You toss a question to your class.
You imagine hands flying up from enthusiastic students, eager to respond.
Maybe an uncomfortable cough or two.
Granted, there are moments when silence is optimal for students—like during a personal writing activity or individual reading period. At a certain point, though, you need your students to speak… because otherwise, very little communication is possible. And isn’t communication the whole point of our work?
To that end, you need to hear from all your students. But the reality is that it can feel like pulling teeth.
With so much communication now taking place digitally through the written word, our students are experiencing an ever-increasing discomfort with speaking out loud. They’re accustomed to a safe space that allows them the leisure to edit their thoughts as they go.
Add to that the difficulties of pronouncing foreign words, and you have a recipe for silent students.
But don’t despair! We’ve compiled the perfect list of activities to make speaking up in your language class fun.
These activities are structured to encourage communication in several different ways, to engage all of your students—even the shiest ones.
Ready to inspire a classroom of chatterboxes?
Strategies to Encourage Speaking in Your Classroom
No matter what type of activities you decide to try, there are a few strategies that are helpful in fostering a classroom environment in which students feel comfortable speaking.
- Start each class period with a speaking activity. Begin with a brief, low-pressure “icebreaker” activity every day. As students become accustomed to this ritual, they’ll feel more comfortable with the expectation of speaking every day, even if it’s short and low-risk.
- Give more air time to students. As teachers, this can be tough to do sometimes. We become unnerved by the silence that sometimes ensues when we wait for students to talk.
But it comes down to basic math: The more time you spend talking, the less time your students have to do so. Give them time to structure their thoughts before speaking so they won’t feel rushed or pressured. Don’t hurry to cover the silence. Give them the space and time to speak, and they will.
- Provide goal-directed, real-world tasks. Have students work together to navigate a subway map or create a menu for a language-themed event while communicating in the target language. Communication is most meaningful when it’s used in the service of a relevant task with a specific goal in mind.
Later in this post, we’ll show you some activities that are built on this premise.
- Give plenty of comprehensible input. Surround students with the sounds of the target language as much as possible. Use gestures and visual aids to make sure these sounds are comprehensible.
As they’re exposed to more of the language that they can understand, they’ll grow more confident in their own communication skills.
One great tool to use for this purpose is FluentU, which provides real-world foreign language videos that have been transformed into a language learning experience.
The videos range from movie trailers to news reports to funny YouTube clips—and they all come with interactive captions and exercises that help students pick up new words and phrases.
Meanwhile, you’ll love the integrated progress tracking and curriculum building tools. It’s an awesome way to immerse students in the target language while ensuring they actively build their communication skills.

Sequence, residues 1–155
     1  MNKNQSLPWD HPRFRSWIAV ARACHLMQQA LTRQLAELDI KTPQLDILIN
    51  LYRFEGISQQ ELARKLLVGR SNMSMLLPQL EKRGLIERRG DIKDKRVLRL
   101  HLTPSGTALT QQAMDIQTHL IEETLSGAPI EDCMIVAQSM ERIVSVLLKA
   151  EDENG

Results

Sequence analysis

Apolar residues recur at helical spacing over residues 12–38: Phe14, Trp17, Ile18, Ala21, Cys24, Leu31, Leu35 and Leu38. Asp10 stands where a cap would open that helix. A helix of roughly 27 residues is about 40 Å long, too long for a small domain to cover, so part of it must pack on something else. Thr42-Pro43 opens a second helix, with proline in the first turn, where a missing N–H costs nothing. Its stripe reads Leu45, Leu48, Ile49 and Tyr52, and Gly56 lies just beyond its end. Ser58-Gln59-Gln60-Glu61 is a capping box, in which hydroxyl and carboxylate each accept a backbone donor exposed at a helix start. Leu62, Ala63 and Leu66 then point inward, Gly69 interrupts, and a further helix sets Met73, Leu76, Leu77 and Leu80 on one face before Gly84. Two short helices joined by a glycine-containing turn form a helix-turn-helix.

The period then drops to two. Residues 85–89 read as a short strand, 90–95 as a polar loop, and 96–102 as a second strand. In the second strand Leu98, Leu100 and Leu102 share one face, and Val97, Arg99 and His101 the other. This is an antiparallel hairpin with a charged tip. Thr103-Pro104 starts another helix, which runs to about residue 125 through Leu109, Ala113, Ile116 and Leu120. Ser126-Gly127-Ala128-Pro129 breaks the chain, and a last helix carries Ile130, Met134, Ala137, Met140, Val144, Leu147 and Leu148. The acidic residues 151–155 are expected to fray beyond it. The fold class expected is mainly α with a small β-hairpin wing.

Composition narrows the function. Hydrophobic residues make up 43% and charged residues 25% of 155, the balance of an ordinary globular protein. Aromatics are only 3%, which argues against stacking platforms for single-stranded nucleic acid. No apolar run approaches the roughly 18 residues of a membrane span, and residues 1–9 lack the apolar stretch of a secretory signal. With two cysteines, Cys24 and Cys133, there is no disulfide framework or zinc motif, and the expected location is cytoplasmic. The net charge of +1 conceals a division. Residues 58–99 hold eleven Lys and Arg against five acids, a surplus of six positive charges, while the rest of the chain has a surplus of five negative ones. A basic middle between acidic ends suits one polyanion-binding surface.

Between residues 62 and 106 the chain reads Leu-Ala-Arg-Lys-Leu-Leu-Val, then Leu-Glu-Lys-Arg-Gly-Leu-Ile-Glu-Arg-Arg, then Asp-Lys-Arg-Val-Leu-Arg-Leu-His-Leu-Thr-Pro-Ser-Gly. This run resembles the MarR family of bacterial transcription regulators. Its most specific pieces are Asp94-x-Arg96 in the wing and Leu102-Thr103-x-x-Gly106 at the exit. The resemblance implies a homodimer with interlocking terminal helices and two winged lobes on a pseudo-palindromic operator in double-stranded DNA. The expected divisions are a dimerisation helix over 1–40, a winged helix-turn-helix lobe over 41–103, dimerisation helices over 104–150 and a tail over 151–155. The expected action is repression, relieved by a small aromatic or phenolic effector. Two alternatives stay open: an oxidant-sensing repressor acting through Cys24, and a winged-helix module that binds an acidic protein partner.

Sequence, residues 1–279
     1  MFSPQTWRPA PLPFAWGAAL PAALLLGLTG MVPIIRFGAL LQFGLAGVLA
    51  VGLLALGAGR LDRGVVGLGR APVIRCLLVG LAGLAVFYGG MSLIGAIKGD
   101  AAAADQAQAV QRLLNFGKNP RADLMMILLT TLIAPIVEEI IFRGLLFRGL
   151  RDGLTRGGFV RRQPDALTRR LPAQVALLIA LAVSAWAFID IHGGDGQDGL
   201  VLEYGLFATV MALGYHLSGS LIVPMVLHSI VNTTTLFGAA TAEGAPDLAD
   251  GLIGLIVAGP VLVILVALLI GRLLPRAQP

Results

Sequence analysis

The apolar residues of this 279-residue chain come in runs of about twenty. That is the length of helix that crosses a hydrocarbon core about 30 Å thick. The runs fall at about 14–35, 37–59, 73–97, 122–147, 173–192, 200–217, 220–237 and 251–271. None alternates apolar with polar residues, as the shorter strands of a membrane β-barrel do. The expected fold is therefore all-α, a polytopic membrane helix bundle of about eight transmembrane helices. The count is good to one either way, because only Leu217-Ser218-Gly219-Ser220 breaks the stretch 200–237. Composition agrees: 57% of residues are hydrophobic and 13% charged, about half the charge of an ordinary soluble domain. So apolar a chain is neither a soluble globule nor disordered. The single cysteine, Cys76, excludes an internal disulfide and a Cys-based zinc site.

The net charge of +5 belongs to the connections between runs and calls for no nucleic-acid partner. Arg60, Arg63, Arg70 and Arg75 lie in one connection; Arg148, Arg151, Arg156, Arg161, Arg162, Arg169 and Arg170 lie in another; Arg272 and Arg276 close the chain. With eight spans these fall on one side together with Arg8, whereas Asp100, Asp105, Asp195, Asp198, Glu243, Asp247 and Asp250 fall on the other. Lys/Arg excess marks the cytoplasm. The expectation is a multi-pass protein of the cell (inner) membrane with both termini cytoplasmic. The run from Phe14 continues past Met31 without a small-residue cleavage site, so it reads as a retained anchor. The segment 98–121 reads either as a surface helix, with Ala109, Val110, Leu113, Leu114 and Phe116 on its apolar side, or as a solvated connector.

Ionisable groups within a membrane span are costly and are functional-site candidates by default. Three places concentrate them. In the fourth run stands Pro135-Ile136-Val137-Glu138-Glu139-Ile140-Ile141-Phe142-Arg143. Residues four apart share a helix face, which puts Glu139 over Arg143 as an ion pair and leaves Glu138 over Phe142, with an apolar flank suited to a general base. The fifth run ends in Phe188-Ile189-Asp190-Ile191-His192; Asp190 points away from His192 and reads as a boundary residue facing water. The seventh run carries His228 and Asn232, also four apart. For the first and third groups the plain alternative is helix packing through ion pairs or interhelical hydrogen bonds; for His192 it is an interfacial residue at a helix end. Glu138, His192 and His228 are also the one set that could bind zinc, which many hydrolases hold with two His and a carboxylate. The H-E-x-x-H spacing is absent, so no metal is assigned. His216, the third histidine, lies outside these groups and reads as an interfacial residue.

- Ensure an equal back-and-forth within pairs and groups. It’s just a fact of human nature: Some people like to talk more than others. Monitor paired and group interactions and gently intervene when it seems that one person may be dominating the conversation.
You might try cheerfully and calmly prompting the quieter students by asking their opinions to draw them out.
The Different Functions of Speech and Why They Matter
Not all speech is the same, so our classroom speaking activities shouldn’t be, either. It’s a good idea to structure classroom activities in such a way that they reflect the functions of speech covered below.
Later in this post we’ll show you some specific activities for each of these four categories.
- Goal-directed: Communication takes place for the purpose of accomplishing a specific goal. Some examples would be giving directions or ordering food at a restaurant.
- Extended: This is a back-and-forth conversation in which speakers take turns controlling the direction of the discussion.
- Structured: Speakers follow a specific structure in a conversation that flows logically from Point A to Point B.
- Controlled: The conversation and the task itself are dictated by a non-negotiable topic, often provided by the teacher.
Something to Talk About: Activities to Get Even Your Shyest Students Speaking
1. Blind Instructions
Seat pairs of students with their backs to one another and then give an object to one of the two partners. This object could be a picture, or it could be a selection of objects grouped in a specific way.
As one partner gives directions, the other must draw the picture as it’s described, or place a similar group of objects in the same configuration, using spoken directions only.
This activity can help students learn to be more precise in their speaking, meanwhile helping them develop their listening skills.
2. Photo Differences
Distribute multiple copies of the same photo to your class, but with a few slight differences.
Perhaps the color of a pair of sunglasses differs in many of them. Or maybe there’s a bird in a tree in some of the photos that’s absent in others.
Ask each student to describe his or her photo clearly to the class or to a small group. Students will listen to determine what the differences are based on these descriptions. Then call on some of the students to tell you what differences they heard.
This exercise aids students in their descriptive ability and, again, helps the group as a whole become better listeners.
3. Missing Directions
Create a list of directions for a complex task, such as baking a cake or assembling a house with Legos.
Then distribute only part of the directions to each member of the group.